Revolutionary War British Flag 1776 – The Betsy Ross flag is a reconstructed early American flag design that conforms to the Flag Act of 1777 with an outer red stripe and stars arranged in a circle. These details detail the act of 1777, at the start of the American Revolutionary War, which defined 13 vertical red and white stripes and 13 white stars on a blue field. Its name comes from a story once widely believed that shortly after the 1777 act, surveyor and flag maker Betsy Ross produced a flag of this design.
Betsy Ross (1752-1836) was an overseer in Philadelphia who made uniforms, shirts, and flags for the Continental Army. Although her inventions are documented, a popular story emerged in which Ross was hired by a group of Founding Fathers to make a new flag for the United States. According to legd, she deviated from the 6-pointed star design and made a 5-pointed flag instead. The claim by her people that Betsy Ross contributed to the design of the flag is not generally accepted by modern American scholars and vexillologists.
Revolutionary War British Flag 1776
But how this particular American flag design relates to it is unknown. An 1851 painting by Ellie Sully Wheeler of Philadelphia shows Betsy Ross sewing an American flag.
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The National Museum of American History indicates that the story of Betsy Ross first came to the attention of Americans around the time of the Ctnial Exposition of 1876.
In 1870, Ross’ grandson, William J. Canby, wrote a letter to the Pennsylvania Historical Society claiming that his grandmother “made with her own hands the first flag” of the United States.
Canby said he first received this information from his aunt Clarissa Sydney Wilson (née Claypoole) in 1857, twenty years after Betsy Ross’ death. According to him, the original flag was created in June 1776 when a small committee – including George Washington, Robert Morris and relative George Ross – visited Betsy and discussed the need for a new American flag. Betsy accepted the task of making the flag and changed the design of the panel by replacing the six-pointed stars with five-pointed ones. Canby records a historical event based on Washington’s trip to Philadelphia, in the late spring of 1776, a year before Congress passed the Flag Act.
Ross biographer Marla Miller notes that even if one accepts Canby’s prestation, Betsy Ross was one of several flag makers in Philadelphia, and her only contribution to the panel design was changing the shape of the star from a 6-pointed to a 5-pointed. .
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In 1878, col. J. Franklin Reigart published a different story in his book “The History of the First Flag of the United States and the Patriotism of Betsy Ross, Immortal Heroine of the First Union Flag.” Reigart recalls a visit from his great-aunt, Mme. Betsy Ross, 1824, during General Lafayette’s visit to Philadelphia. In this version Dr. Benjamin Franklin replaced George Washington. Together with George Ross and Robert Morris, they request that Mrs. Ross designed the first flagship. Canby’s version and the subsequent 1909 book of Ross family papers never specified the star system. However, Reigart describes Mrs. Ross with eagle in region with 13 stars around head. The cover of Reigart’s book shows 13 stars in a 3-2-3-2-3 region.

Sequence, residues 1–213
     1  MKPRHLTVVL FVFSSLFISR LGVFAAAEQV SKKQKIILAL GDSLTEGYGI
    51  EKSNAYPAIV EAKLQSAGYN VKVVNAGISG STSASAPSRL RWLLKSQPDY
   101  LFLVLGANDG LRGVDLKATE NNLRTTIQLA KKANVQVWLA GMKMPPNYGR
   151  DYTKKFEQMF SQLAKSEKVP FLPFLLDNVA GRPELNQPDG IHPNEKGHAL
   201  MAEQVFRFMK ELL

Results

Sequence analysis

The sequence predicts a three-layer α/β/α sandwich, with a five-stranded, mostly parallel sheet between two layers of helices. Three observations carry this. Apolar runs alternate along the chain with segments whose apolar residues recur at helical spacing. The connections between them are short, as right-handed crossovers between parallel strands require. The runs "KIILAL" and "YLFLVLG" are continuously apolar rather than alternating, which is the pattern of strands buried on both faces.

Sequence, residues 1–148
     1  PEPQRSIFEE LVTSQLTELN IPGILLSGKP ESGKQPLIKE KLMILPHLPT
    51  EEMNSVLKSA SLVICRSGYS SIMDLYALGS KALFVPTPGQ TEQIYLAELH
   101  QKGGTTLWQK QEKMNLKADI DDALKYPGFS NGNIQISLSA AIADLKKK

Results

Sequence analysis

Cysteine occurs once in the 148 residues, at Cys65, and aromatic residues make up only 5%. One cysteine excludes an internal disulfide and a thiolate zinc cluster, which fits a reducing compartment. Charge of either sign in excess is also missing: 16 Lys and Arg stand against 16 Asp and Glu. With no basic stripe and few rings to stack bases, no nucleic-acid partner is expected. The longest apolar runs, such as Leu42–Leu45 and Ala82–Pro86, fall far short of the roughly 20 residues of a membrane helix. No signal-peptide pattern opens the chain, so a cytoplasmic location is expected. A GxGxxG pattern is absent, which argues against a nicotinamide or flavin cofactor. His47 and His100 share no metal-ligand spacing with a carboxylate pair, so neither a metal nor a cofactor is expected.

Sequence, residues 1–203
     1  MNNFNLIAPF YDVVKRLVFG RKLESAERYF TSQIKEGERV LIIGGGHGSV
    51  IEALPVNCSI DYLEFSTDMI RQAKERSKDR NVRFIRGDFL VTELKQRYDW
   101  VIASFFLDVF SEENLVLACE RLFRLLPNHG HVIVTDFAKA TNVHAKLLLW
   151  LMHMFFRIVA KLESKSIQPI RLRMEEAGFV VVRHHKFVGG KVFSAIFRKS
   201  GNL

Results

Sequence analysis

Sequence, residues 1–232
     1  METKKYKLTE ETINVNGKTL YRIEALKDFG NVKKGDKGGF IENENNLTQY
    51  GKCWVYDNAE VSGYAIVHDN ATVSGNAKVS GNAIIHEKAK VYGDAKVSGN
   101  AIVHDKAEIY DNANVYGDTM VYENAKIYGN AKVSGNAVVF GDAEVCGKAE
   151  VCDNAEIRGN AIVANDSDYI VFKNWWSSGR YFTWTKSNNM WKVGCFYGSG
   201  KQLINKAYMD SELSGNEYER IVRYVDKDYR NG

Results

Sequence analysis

The first connection between Betsy Ross and this 13-star-in-a-circle flag design was Charles Weisgerber’s 1893 painting, “The Birth of Our National Flag.”
The 9-by-12-foot painting was first exhibited at the 1893 Columbian Exposition in Chicago and depicts Betsy Ross with a flag on her lap.
He would need a flag design. The most likely source for its design is the 1882 publication A History of the American Flag by George Hry Preble, a late 19th century flag scholar.
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Preble himself did not mention the star pattern in the 1777 design. However, the book’s illustrators provided a flag design for the 1777 flag. The illustrators may have used the flag design from the 1851 painting Washington Crossing the Delaware by Emanuel Leutze. Therefore, the 1872, 1880, and 1882 editions of Preble’s book all show the 1777 flag as having a circle with 13 stars. It is also possible that Weisgerber used the July 1873 issue of Harper’s Weekly Magazine as a source for what the 1777 flag looked like. This article, published a year after Preble’s first edition, showed this flag labeled “Flag Adopted by Congress, 1777.”
Weisgerber later helped initiate the restoration of 239 Arch Street in Philadelphia as the Betsy Ross House,